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(207) 846-6515 H
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(207) 846-6515

BEHAVIOR: USING COUNTERCONDITIONING TO CHANGE EMOTIONAL STATE

USING CLASSICAL COUNTERCONDITIONING TO CHANGE
EMOTIONAL STATE
When a pet is showing an undesirable response to a stimulus, that response is usually
associated with an underlying emotional state that is also undesirable. Anxiety, fear,
and aggression are common motivational emotions for unwanted pet responses. To
help the pet respond in a different way, it is useful to change the association with
the stimulus and hence, the underlying emotional state. The goal is to change the
meaning of the stimulus from one that predicts something unpleasant to one that
predicts something desirable. Although some animals will respond to play, for most
animals, the best way to do so is using food.
■ A first step in changing a response to a stimulus is to attempt to grade the response
across varying characteristics of the stimulus. In other words, how does the pet
respond to the stimulus as that stimulus changes either in its proximity, speed of
approach, location, or other characteristics such as sound or size.
■ The next step is to find a reward that the animal finds especially enticing (an “A”
treat), usually food and especially table food. It is important to have a gradient
of reinforcers, from those that are extremely desirable to those that are less so.
Extremely desirable rewards are saved for training and conditioning sessions.
■ Finally, two simple tasks must be taught to the pet.
 The first is a task to get the pet’s attention. This can be as simple as teaching
the pet to look at you using a phrase such as “watch me” or “focus.” The
goal is for the animal to have eye contact for several minutes but remain
neutral and relaxed. A leash and possibly a head collar should be used for
additional control.
 The second is a following command that allows you to leave the situation.
The dog should learn to associate a phrase such as “let’s go” with turning
180 degrees and briskly walking the other way. This should be performed
quickly, but without anxiety or tension.
■ Once the gradient of response to the stimuli and the gradient of rewards have
been established and the pet can focus and then leave on command, it is time to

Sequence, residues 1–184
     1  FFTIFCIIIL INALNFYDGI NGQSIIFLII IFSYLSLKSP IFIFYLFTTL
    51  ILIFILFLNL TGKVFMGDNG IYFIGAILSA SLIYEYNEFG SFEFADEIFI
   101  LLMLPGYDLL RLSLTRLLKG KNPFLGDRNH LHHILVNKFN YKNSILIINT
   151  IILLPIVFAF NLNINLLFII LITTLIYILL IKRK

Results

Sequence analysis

begin the conditioning. Begin with the stimulus at the predetermined distance
at which little or no response is noted. Have the “A” treat ready. Ask the pet to
“focus” and begin feeding the treat regardless of what the pet does as long as they
are not lunging or barking. They can look at the stimulus. As the stimulus gets
closer to the predetermined spot where undesirable behavior is going to begin,
quickly but calmly exit the situation using the “let’s go” command. Do several
repetitions at the same distance.
Avoid the following pitfalls, which will make progress more difficult.
■ All situations known to elicit undesirable responses must be avoided. This may
mean curtailing walks, confining the dog when visitors come over, not allowing
the dog outside in the yard unattended and off leash, not allowing aggressive
displays at windows, doors, and fences.
■ Do not attempt to remain longer than the dog can behave. If the dog becomes
very reactive, the stimulus was too close or too intense, and future sessions must
have better control of the stimulus intensity. You may need to be quite a distance
away for the dog to be calm and controlled. Remember, the dog learns best when
calm.
■ Limit the number of exposures within a training session. You want the dog to be
successful and end each session on a positive response.
The goal is for the dog to learn to associate the sight of the stimulus with something
pleasant. This treatment can often help decrease the arousal level so that the dog
can be controlled during the situation.
 

DRS HORWITZ AND NEILSEN

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